Chris G – Great that you’re working, but perhaps you should try out for something higher paying instead of waiting for Woolie’s to follow any minimum wage legislation that may come along? The minimum wage jobs there are fairly simple and hence the low pay… I doubt Woolworth’s considers the pay to be suitable for an adult supporting a family or a mortgage but it’s OK for a teenager or first job seeker and that’s probably who they mostly expect to take the jobs. Prior to the recent bust you could’ve probably moved into construction and named your price. There are still better paying jobs going in farming etc.

  10. Tane 10

    Camryn, low wage workers don’t need lectures, they need better pay.

    The aspirational discourse – “just quit and find a better paying job” – is fine on an individual level – but the fact is that as a society we need people to work our checkouts, to drive our buses, to look after our elderly, to wait our tables.

    The question is, how are we going to treat these people?

  11. Bill 11

    Tane

    The point is that they can afford to be trigger happy. A min wage worker is in no position to survive a stand-off. Knowing that, the unions should be devoting time to developing strategies that nullify the lock-out option.

    I don’t know how the buses run in Hamilton, but right off the top of my head I’d have thought that step one would have been to look at the systems in place around the money and see if they could be monkey wrenched in such a way as to leave drivers with a degree of deniability over non collection of fares.

    If that wasn’t going to be possible, then charge every customer for one zone only ( if the fares are zoned).

    If there are electronic travel cards in operation then look at simple reversible ways that prevent the machines reading the cards.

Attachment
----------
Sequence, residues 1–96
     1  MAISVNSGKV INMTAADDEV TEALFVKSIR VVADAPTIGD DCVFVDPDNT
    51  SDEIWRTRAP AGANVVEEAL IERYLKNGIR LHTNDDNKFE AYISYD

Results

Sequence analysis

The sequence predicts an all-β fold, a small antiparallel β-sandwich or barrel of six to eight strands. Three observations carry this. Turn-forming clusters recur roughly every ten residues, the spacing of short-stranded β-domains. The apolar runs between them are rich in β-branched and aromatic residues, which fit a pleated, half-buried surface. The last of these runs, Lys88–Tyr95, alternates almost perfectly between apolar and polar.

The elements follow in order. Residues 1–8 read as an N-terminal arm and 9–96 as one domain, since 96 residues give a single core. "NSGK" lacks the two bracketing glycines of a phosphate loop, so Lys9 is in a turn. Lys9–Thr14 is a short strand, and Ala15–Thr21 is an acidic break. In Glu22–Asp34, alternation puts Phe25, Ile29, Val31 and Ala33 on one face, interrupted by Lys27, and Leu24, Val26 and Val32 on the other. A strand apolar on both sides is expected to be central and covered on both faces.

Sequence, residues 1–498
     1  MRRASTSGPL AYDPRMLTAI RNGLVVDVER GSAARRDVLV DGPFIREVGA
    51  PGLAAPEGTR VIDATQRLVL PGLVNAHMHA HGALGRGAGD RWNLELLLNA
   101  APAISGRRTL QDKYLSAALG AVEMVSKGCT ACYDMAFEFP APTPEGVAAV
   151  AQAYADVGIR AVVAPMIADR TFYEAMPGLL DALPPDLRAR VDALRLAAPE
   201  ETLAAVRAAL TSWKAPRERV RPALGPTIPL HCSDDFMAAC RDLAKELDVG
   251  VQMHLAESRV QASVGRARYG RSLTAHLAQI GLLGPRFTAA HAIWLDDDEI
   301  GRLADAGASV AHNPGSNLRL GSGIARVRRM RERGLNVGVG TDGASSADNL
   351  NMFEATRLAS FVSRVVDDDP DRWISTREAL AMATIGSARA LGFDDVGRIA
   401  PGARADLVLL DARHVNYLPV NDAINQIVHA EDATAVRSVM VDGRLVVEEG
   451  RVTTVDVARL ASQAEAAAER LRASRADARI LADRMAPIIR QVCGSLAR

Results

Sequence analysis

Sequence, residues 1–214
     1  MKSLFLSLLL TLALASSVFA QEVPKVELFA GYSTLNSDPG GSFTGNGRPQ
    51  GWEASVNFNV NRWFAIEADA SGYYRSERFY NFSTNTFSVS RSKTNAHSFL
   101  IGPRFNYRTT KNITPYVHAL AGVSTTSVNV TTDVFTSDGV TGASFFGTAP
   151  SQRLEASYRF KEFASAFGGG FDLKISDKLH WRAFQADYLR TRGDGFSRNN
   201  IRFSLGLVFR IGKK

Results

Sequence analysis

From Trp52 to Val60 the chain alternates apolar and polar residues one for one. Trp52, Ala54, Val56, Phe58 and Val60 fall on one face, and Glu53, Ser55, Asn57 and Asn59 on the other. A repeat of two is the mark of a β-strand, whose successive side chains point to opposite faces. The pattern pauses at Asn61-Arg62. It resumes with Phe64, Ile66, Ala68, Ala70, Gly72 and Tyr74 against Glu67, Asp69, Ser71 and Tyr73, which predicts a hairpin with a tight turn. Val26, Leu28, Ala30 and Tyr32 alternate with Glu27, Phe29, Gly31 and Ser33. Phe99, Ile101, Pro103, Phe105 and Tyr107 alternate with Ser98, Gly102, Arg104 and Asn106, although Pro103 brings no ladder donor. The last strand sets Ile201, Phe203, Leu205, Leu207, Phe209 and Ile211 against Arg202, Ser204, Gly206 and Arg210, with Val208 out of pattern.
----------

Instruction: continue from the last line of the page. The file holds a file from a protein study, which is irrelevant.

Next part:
And so it goes on.

    I don’t want to be sounding negative, but in this day and age where the playing field is tilted so steeply in the employers favour, workers; their unions have to be smart and act in ways not anticipated by the current employment laws. Otherwise, what with union densities being often very low, they are going to be on a hiding to nothing on far too many occasions.

  12. Chris G 12

    Camryn,

    Im a student so just makin my way through studies… I think its fair to say its tough to find student jobs that pay anything above $13.50 (Thats what I get at woolies)

    Eg. The bar I work at, 90% of the staff are uni students. all getting around $12.50/hr

    “I doubt Woolworth’s considers the pay to be suitable for an adult supporting a family or a mortgage but it’s OK for a teenager or first job seeker and that’s probably who they mostly expect to take the jobs”

    You would be bloody suprised to know who works there. Id say the majority of the workers there are full timers, supporting families, I know that by knowing the people who work there.. Now if woolworths considers that $13/hr is suitable for those people then they are deluded and have some fucked up ethics.

    Combine that with the skyrocketing profits as trumpeted by their magazines that they have the Audacity to throw in the staffrooms of their underpaid workers!!

    Im one of the luckier ones who works at minimum wage level (Or thereabouts) in that I have a safety net of my well-off family to provide for me so that I have the capacity to study and work.

  13. Tane 13

    Bill, agreed. The recent driver lockout in Wellington failed in my opinion because as the city is heavily reliant on public transport to get people to work the halt in services had a major impact on the public and on the running of the city. It was quickly becoming a PR fiasco for GO Wellington, as well as a political issue, and they finally had the sense to back down. The CTU’s announcement they would swing in behind the drivers would have also had a lot to do with it.

    I’m not sure whether the same conditions exist in Hamilton. But I’m willing to withold my judgement on the industrial tactics until I find out more about what’s actually going on.